Once in a while a book comes along that has no great literary pretensions, but all the same manages to stir the heart and lift the spirit. Lucy Ching's One of the Lucky Onesm (published by Doubleday, but, for $17.75, not very handsomely printed) does just that.
When Lucy was five years old, she asked her mother why she couldn't keep up with her brothers and sisters. That was when she learned she was blind.
That was the bad news. The worse news came slowly. Gradually it dawned on her that in China in the 1930s it was a disgrace to be blind - and for a girl to be blind usually meant a life on the street as a beggar and a prostitute. Not that she had to worry about that. Her parents were comforting on that point. But they did think of her as inferior. They would never take her out of the apartment. Worse, they never intended to send her to school, and her hunger for learning would never be satisfied.
''One of the Lucky Ones'' tells how Lucy broke through barrier after barrier, with all the gentle persistence of a blade of grass cracking through concrete pavement. She tells of three moments ''when I suddenly knew not only that I could go on coping with my problems, but why.''
Moment No. 1 came when she was eight and heard on the radio that there was a way blind children in England and the US could learn to read. Her First Big Brother was a ham-radio operator, and for three weeks he sent out signals in three languages, asking if anyone knew how children could read with their fingers. Finally the call was answered; a package of Braille material arrived, and Lucy, after many experiments, began to teach herself, helped by her brothers and sisters.
The second turning point came one day when her brother and sister were doing lessons from the Bible. They recited the passage that includes the words ''God so loved the world. . . .'' Lucy wanted to know if those words really meant what they said. ''Who was this loving God? Would he love a blind girl?'' Her sister decided that, yes, He would. ''God loved me too because . . . I was one of the people in the world so I must be included.'' Those words gave her courage to overcome the objections of her parents, who were Buddhists, find her way to a Baptist church, and become a Christian.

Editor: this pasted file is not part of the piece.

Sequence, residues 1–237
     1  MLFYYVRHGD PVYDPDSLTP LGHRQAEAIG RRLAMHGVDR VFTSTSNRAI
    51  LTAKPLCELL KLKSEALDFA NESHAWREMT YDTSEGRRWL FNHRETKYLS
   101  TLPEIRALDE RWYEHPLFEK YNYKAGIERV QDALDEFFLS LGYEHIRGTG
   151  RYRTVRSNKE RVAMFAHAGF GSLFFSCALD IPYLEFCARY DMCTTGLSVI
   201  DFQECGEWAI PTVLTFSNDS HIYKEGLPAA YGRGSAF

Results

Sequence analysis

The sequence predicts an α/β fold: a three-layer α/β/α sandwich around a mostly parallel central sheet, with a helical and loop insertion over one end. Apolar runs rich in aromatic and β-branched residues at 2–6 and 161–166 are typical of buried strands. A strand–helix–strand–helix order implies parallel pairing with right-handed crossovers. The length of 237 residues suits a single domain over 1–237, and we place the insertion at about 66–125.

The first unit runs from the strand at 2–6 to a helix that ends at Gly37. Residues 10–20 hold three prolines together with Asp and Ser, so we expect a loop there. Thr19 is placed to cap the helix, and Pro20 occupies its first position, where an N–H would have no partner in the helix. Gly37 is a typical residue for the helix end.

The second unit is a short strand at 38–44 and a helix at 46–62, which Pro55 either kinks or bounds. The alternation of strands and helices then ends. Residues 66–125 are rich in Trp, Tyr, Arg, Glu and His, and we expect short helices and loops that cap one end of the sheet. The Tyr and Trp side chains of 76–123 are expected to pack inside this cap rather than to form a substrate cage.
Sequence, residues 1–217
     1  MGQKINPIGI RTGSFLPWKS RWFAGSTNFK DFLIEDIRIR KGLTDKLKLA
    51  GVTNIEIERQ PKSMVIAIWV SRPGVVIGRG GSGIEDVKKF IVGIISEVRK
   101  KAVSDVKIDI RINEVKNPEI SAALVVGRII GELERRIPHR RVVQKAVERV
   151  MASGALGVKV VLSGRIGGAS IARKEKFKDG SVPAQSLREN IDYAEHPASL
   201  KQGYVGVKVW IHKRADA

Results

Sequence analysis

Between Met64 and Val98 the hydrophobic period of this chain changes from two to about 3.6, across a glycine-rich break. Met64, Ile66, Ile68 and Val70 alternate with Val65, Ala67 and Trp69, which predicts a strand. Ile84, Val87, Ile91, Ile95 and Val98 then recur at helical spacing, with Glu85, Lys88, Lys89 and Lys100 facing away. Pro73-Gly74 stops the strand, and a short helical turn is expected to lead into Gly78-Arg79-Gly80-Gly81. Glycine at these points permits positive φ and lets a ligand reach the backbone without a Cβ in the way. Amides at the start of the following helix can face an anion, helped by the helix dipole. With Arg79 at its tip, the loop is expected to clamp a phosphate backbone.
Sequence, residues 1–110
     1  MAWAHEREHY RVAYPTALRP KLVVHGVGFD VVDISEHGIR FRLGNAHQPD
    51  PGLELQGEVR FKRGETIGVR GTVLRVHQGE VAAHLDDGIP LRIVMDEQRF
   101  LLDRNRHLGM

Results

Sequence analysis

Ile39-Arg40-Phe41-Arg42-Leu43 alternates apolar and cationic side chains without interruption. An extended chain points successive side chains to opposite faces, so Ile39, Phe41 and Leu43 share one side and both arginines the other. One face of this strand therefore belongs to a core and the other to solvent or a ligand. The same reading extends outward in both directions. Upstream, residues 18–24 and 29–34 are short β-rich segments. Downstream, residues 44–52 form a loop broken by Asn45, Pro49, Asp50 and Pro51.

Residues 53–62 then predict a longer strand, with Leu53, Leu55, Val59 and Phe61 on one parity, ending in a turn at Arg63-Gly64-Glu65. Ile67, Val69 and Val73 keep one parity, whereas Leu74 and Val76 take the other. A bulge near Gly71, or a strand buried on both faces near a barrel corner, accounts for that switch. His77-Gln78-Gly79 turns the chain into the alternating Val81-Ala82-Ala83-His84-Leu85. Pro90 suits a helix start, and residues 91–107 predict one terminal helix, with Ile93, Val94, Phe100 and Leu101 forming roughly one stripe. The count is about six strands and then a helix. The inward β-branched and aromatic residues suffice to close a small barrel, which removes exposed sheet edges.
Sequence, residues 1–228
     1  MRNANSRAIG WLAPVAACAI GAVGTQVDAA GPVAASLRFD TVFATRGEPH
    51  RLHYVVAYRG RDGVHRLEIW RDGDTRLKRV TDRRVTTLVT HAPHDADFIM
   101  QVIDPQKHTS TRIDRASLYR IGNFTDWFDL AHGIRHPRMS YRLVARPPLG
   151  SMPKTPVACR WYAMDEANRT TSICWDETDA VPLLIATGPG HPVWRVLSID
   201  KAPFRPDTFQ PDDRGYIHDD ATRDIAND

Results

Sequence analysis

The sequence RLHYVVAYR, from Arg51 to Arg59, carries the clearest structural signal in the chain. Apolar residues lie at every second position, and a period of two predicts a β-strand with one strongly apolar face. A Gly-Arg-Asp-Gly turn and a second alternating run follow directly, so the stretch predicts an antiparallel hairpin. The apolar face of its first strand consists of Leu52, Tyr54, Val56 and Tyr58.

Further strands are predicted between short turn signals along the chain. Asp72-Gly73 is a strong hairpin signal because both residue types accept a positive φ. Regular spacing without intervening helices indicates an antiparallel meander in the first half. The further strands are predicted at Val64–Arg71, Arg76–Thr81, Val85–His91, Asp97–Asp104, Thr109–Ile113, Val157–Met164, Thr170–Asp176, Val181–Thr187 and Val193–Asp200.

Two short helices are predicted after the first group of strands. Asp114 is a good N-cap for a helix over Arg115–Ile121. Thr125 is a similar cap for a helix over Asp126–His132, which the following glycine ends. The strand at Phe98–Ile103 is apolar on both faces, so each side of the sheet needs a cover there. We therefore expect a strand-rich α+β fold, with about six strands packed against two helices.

The third turning point was a sad one. A blind beggar girl whom Lucy had befriended disappeared. Lucy remembered that her friend had made her promise to try to teach ''all us blind people to read with our hands, and then we needn't be slaves in the street. . . .'' So Lucy made ''a solemn promise to Him that I would give my life to helping and teaching blind people if He would help me to learn enough to do it. I felt myself filled with a great determination to learn, and in one of those strange moments of inner certainty I knew that with God's help I would succeed.''
She did succeed. A revolution couldn't stop her. Neither could poverty. She finally came to America, to the Perkins Institute for the Blind in Boston, and now she is a social worker in Hong Kong who assists the blind and other handicapped persons. Through all her struggles, she was helped by Ah Wor, her amah, a woman who emerges from the pages as steadfast and courageous as Lucy herself. In fact it would be easy to doubt parts of this story if the reader did not gather from between the lines an undeniable picture of two women totally loving and unyieldingly honest.